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Author Topic: national sales tax  (Read 4599 times)

jgruber

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Re: national sales tax
« Reply #40 on: August 13, 2004, 01:52:57 PM »
But that's regressive.  I'm not comfortable with the idea of taxes necessities.  It seems draconian.

Dropping the property tax could make sense.  It used to be the primary indication of wealth, but not anymore.

In Pennsylvania, they are talking about lowering the sales tax from 6 percent to 4 percent but widening it to cover food and other current exemptions. This plan would also eliminate ALL property and other nuisance taxes. It's an interesting proposal...

Bisquick

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Re: national sales tax
« Reply #41 on: August 13, 2004, 01:53:28 PM »
That would be insanely regressive.  Lets tax food and take away tax on property??  Double hit on the poor and big break for the wealthy.  I do support trickle-down economics to some extent, but that is too much for even me.
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jgruber

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Re: national sales tax
« Reply #42 on: August 13, 2004, 01:55:15 PM »
In some cases property taxes are regressive. Ex. retired couple with paid off house, but very little income.

Bisquick

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Re: national sales tax
« Reply #43 on: August 13, 2004, 02:05:05 PM »
I guess that is a hard call.  The bottom end of the spectrum may own no property and only pay minimal tax through a landlord, for those people abolishing a property tax to raise taxes on food wouldn't help much.
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jgruber

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Re: national sales tax
« Reply #44 on: August 13, 2004, 02:06:08 PM »
Yup.  I'd support elimination of property tax because it does not reflect the ability to pay.

But taxing food,,,,,, no way, dudes.

I guess that is a hard call.  The bottom end of the spectrum may own no property and only pay minimal tax through a landlord, for those people abolishing a property tax to raise taxes on food wouldn't help much.

Bisquick

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Re: national sales tax
« Reply #45 on: August 13, 2004, 02:19:59 PM »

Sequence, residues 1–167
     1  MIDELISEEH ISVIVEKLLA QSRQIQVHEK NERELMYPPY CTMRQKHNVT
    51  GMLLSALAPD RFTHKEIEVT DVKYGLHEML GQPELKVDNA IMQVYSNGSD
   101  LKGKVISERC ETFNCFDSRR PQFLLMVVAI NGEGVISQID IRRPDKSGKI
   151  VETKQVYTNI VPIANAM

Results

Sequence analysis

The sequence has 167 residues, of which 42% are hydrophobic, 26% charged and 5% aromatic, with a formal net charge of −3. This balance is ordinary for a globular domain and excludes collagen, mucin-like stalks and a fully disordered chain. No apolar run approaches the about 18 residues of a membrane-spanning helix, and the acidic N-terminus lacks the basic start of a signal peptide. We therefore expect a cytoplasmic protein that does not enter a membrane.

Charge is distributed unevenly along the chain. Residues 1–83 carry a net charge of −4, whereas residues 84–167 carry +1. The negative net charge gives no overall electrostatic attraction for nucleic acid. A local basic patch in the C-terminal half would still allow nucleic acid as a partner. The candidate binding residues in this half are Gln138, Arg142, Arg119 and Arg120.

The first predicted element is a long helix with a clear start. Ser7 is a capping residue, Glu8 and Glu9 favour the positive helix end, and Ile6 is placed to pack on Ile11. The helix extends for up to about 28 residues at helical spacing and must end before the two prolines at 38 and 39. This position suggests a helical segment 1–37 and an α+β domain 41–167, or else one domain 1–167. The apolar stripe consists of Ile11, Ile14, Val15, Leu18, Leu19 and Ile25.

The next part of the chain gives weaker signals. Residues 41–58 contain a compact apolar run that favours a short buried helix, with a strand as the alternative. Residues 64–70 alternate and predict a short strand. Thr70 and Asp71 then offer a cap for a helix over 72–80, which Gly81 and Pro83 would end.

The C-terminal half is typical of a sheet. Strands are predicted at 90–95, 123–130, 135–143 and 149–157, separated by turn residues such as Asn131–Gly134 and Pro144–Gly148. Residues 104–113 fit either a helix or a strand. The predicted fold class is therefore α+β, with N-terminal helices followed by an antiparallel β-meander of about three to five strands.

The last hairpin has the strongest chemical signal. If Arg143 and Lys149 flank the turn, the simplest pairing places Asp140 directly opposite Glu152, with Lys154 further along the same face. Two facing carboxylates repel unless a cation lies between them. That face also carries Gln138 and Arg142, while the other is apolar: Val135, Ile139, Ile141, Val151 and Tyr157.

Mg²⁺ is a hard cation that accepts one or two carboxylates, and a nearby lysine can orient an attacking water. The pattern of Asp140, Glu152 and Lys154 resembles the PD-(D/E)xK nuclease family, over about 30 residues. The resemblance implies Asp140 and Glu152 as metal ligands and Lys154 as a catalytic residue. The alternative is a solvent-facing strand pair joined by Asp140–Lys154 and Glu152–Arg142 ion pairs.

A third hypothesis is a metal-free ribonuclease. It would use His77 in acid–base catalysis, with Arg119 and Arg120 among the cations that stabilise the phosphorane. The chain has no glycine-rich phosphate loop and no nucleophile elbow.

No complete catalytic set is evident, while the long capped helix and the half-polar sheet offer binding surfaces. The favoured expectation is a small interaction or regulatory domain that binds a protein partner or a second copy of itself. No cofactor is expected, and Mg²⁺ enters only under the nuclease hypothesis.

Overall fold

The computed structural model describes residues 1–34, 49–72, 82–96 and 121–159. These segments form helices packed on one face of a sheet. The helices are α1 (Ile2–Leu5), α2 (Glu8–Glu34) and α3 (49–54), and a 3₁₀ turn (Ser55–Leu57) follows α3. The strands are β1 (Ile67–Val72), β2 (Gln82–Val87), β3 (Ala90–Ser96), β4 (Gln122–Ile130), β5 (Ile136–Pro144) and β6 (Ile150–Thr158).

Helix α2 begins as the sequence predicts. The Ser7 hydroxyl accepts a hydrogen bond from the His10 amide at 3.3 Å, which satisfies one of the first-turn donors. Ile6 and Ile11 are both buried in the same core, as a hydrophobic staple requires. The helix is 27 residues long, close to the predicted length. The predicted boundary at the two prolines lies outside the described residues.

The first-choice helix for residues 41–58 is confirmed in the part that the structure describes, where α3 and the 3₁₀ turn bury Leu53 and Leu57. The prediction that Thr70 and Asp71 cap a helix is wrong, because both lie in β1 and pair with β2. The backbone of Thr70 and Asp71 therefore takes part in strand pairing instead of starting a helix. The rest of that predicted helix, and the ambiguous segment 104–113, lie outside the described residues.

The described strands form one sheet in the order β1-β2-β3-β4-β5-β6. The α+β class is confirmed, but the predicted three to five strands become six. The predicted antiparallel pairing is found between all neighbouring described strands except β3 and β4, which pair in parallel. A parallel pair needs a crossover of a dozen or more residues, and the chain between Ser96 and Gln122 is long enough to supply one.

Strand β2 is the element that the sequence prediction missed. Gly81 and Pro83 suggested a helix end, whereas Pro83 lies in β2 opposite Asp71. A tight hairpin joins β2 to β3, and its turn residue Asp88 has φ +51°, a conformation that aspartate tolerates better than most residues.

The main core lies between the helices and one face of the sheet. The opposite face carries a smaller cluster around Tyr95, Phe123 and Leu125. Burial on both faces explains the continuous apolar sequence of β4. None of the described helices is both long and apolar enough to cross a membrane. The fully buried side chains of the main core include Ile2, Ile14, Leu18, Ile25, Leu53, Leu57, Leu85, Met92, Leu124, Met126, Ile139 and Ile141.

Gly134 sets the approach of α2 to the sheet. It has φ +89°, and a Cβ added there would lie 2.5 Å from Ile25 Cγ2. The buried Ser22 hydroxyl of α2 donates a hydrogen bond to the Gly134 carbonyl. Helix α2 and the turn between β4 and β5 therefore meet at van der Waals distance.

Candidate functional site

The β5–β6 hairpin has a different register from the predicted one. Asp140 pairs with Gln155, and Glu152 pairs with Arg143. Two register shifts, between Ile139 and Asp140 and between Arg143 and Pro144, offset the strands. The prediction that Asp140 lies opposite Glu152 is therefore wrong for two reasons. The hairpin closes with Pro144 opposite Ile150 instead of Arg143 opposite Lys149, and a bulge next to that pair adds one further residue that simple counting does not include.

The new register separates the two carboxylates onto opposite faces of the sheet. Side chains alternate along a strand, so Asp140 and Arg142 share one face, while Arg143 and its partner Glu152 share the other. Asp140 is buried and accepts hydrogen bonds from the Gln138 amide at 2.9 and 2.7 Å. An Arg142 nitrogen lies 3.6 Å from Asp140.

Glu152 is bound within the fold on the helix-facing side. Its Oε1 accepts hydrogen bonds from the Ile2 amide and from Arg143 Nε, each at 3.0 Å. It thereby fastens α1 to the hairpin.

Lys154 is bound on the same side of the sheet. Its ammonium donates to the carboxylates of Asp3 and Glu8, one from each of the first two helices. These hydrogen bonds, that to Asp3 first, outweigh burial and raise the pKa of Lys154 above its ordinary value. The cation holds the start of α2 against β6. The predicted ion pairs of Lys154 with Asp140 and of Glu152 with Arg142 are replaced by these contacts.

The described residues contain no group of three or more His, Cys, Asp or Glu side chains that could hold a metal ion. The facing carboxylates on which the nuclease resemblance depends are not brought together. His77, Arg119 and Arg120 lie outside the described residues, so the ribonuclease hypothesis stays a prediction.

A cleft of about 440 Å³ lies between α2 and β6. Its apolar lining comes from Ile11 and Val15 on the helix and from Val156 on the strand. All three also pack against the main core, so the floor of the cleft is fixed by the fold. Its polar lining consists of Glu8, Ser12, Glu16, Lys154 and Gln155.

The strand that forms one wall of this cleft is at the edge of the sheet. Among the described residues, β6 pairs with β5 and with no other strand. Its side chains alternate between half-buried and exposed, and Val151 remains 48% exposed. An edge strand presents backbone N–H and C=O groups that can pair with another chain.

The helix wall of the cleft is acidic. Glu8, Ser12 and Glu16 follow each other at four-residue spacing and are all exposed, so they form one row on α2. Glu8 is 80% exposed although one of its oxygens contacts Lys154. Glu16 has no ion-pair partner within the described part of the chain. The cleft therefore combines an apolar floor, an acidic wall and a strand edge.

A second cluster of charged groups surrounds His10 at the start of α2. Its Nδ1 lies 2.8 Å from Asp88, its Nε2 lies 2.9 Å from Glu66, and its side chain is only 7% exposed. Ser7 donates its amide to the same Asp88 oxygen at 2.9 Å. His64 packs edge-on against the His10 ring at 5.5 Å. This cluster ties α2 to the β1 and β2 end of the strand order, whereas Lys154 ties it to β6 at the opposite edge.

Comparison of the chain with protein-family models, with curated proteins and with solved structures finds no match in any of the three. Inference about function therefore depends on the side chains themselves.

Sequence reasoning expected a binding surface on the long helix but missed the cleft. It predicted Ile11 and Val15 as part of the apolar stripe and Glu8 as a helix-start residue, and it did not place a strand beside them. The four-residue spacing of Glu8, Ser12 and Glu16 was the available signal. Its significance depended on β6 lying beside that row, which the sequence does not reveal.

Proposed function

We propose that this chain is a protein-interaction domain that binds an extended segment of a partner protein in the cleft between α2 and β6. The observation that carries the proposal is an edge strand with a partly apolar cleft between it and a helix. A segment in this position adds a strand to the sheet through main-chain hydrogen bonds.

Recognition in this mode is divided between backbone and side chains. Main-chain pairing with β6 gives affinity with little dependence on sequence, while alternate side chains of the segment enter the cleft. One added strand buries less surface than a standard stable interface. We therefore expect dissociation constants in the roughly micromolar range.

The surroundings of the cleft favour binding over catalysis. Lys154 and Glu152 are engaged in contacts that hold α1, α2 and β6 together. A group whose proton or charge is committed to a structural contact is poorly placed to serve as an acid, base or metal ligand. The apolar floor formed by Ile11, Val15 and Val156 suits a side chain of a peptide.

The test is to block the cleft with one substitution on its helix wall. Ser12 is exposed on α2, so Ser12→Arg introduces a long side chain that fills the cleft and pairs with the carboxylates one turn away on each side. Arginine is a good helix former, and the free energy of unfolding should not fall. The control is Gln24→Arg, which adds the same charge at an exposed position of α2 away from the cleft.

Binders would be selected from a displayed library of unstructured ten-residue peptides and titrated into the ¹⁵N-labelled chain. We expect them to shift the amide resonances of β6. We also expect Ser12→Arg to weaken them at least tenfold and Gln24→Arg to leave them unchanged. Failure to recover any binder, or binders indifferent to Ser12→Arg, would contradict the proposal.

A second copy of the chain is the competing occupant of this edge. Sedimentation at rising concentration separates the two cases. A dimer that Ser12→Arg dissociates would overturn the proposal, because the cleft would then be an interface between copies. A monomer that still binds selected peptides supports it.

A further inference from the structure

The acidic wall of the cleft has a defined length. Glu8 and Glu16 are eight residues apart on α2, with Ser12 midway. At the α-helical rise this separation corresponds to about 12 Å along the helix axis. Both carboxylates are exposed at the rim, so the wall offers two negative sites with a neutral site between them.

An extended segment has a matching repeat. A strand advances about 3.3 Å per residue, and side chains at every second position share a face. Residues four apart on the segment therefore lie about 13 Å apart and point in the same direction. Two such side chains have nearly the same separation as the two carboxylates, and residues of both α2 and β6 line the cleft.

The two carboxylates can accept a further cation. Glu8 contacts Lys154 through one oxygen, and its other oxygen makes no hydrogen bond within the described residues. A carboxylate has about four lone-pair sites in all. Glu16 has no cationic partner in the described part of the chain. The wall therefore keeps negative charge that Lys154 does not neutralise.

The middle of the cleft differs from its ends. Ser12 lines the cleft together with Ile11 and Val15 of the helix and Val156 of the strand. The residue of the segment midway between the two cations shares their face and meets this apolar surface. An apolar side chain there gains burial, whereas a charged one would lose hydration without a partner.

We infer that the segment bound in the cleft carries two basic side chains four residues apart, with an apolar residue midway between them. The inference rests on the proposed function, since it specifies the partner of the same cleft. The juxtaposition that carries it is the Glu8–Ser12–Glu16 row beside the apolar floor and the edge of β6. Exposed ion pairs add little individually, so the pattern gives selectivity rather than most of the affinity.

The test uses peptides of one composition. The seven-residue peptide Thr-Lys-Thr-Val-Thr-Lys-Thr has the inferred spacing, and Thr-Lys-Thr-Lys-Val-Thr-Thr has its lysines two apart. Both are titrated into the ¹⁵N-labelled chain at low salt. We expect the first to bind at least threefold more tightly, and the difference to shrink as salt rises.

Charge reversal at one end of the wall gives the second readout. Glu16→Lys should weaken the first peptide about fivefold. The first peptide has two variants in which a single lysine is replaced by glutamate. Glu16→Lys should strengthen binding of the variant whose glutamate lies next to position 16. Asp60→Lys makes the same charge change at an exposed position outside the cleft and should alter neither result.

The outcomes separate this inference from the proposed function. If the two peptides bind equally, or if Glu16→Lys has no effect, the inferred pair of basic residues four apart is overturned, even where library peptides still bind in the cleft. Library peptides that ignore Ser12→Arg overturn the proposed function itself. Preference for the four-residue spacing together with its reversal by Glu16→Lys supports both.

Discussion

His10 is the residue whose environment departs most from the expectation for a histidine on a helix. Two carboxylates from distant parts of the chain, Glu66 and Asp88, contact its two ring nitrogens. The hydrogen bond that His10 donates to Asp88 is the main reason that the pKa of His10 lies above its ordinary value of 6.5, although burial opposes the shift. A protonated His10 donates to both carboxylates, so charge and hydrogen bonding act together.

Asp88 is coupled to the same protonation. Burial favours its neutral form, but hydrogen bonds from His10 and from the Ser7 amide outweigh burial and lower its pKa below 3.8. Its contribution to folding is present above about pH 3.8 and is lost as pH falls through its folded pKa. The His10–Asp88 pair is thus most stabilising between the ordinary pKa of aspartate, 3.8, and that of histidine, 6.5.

What does anyone think about estate/inheritance taxes?  Coming from a farm (coming up with cash to cover taxes on the value of the land is not easy) we are extremely happy with the current expansion on exemptions.  Did they ever pass that permanently?
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buster

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Re: national sales tax
« Reply #46 on: August 13, 2004, 02:24:51 PM »
What does anyone think about estate/inheritance taxes?  Coming from a farm (coming up with cash to cover taxes on the value of the land is not easy) we are extremely happy with the current expansion on exemptions.  Did they ever pass that permanently?

It was my understanding that the estate tax kicked it only at high dollar figures ($1 mil plus?) so that the vast majority of farms were already exempt. Was that not the case, or are you coming from a farm of that sort?

jgruber

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Re: national sales tax
« Reply #47 on: August 13, 2004, 02:26:45 PM »
I believe it kicks in at 1.5 million now

jacy85

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Re: national sales tax
« Reply #48 on: August 13, 2004, 02:37:00 PM »
Mass. is like that.  I worked in an Irish boutique that sold expensive sweaters and capes during college.

The first $175 of each item of clothing you're buying is untaxed.  Whatever the amount over $175 is taxed at the usual MA sales tax, which is 5%. This seems to simplify the system in that you're not categorizing specific luxury items and crap like that, although the dumb tourists I had to explain it to never seemed to understand.

If I remember correctly, New Jersey had just such a situation.

clothing below certain dollar amounts are not taxed.



And I think Mass. is like that.


defeated?  You have very valid points. 

Indiana does tax at restaurants.

Clothing could be harder to do.  I would really hope that a lavish fur coat would be taxed, but don't want Little Timmy's snowsuit to be taxed.

nathanielmark

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Re: national sales tax
« Reply #49 on: August 13, 2004, 02:50:19 PM »
defeated by the evidence that it wasnt very hard to implement the kinds of buffers you had mentioned.


defeated?  You have very valid points. 

Indiana does tax at restaurants.

Clothing could be harder to do.  I would really hope that a lavish fur coat would be taxed, but don't want Little Timmy's snowsuit to be taxed.